Sunday, February 14, 2010

The First Try

I was frustrated. And embarrassed.

I'd had the guy lined up. I figured he would get the ball any second, but I slowed down slightly, since in rugby, you're not allowed to tackle a guy without the ball. A split-second later, he had actually received the ball, and by then, it seemed too late. With my weight on the wrong foot, he quickly sidestepped and got past me.

And then, a few minutes later, it happened again. And then, it happened one more time. (It didn't help that the Comox jerseys seemed to be made out of some space-age super-slippery material). A few expletives popped into my head.

It seemed like a timing thing. I couldn't seem to get that down. I felt kind of like Steve Martin on "The Jerk", trying in vain to dance in time.

At half-time, I approached K., one of the guys who helps run the team.

"I can't seem to get my timing down with tackling", I said.

"Okay, no problem. I can tell you exactly how to tackle. You just have to remember one thing".

Wow, I thought. This is awesome! I'm about to hear the one key that will unlock the mystery forever. Never again will I miss a tackle. I just need this one vital piece of detailed information...

"All you have to do", drawled K., now staring at me very intensely, "is focus on the guy, and kill him". He waited a second, and then said again: "Kill him".

I looked - in vain - for any sign that K.'s lesson was a bit of cheeky hyperbole. In fact, his face was now drawn into a cold, brooding, squint, kind of like Clint Eastwood as the Spaghetti Western bounty killer right before he draws and, well, kills someone.

I managed to suppress the urge to swallow hard.

"Uh...isn't technique I need to remember...?"

"Yeah - KILL HIM".

In the first half, I'd actually accidentally clotheslined a guy trying to tackle him. I swung my arm out just as the guy ducked low, and the inside of my elbow hit the guy right in the throat as we were running full blast at each other. And because caving in a guy's throat (classic karate move) actually will kill him, I was very worried for a second that I'd really hurt him. As it was, he was okay. But it was impossible for me to think about trying to kill the guy I was about to tackle, after coming so close to severely injuring someone. I mean, all I wanted to do was tackle these guys, for God's sake, not live inside a serial killer alter ego...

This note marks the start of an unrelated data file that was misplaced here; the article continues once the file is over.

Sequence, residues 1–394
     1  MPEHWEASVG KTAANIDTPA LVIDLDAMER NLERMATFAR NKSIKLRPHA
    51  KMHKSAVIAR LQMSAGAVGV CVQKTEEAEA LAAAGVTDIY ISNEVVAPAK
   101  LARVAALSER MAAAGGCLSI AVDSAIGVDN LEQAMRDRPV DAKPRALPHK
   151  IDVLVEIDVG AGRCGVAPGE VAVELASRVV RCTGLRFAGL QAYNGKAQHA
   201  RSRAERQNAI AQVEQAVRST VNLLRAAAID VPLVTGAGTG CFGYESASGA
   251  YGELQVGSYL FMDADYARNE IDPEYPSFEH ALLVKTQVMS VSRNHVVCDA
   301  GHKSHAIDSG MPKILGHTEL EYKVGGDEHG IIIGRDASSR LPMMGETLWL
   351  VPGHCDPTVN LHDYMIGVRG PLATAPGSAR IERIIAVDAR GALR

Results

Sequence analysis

Well, fortunately for me, we retained possession of the ball more often in the second half (meaning of course that we weren't on defence), so I didn't have to worry too much about whether to focus on remembering proper tackling technique versus imagining I was Sammy "The Bull" Gravano dealing with a ratfink. But I still longed, as I always do, to be able to contribute in some way. I play out on the wing, where one doesn't get many carries even at the best of times. But playing in a Third Division game on a muddy field makes it even less likely that the ball will be spun out wide. So far, all I'd done in the game was miss a few tackles.

But - perhaps in a miraculous example of divine intervention - that all changed in an instant. One of my teammates got the ball and began speeding down the right wing. Another guy and I chased behind in support (that is, so we could ruck over, or grab an offload, or maul across the try line). My teammate was hit a few metres from the try line, and the ball squirted backwards and towards the out of bounds line. And towards me, running full-tilt behind him.

Still at speed, I snatched the ball on the bounce before it went out; and glancing forward, saw that the only thing now stopping me from scoring a try was a Comox player standing directly on the try line, four metres in front of me. In that instant, I knew I was in. I hit him full speed, and as he tackled me, he started to flip me out of bounds. As I twisted over him still hurtling towards the out of bounds line, I slammed the ball down. Try awarded: the first try I'd ever scored in a rugby game.

A cheer went up from the Premier players watching from the balcony, and I felt a sense of relief that I'd finally actually contributed something substantial. And as it happened, I think that try tied the game. So that was pretty cool.

As we walked back to receive the kick-offs, I got a few laughs by announcing tongue-in-cheek to the other guys that from now on, I expected a lot more passes. "After all", I said. "I'm averaging one try per carry in this game".

The game ended a few minutes later in a draw, 22 to 22. Annnnd...we'll see what happens next week.